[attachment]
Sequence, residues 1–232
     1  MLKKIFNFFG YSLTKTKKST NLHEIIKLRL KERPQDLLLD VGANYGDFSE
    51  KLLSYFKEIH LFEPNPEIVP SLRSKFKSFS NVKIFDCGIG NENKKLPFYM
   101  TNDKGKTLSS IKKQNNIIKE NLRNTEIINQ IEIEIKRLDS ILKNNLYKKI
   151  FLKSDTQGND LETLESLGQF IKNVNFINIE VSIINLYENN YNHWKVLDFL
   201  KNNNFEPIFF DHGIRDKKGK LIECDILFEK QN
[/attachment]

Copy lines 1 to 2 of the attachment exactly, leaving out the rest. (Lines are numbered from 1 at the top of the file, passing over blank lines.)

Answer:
Sequence, residues 1–232
     1  MLKKIFNFFG YSLTKTKKST NLHEIIKLRL KERPQDLLLD VGANYGDFSE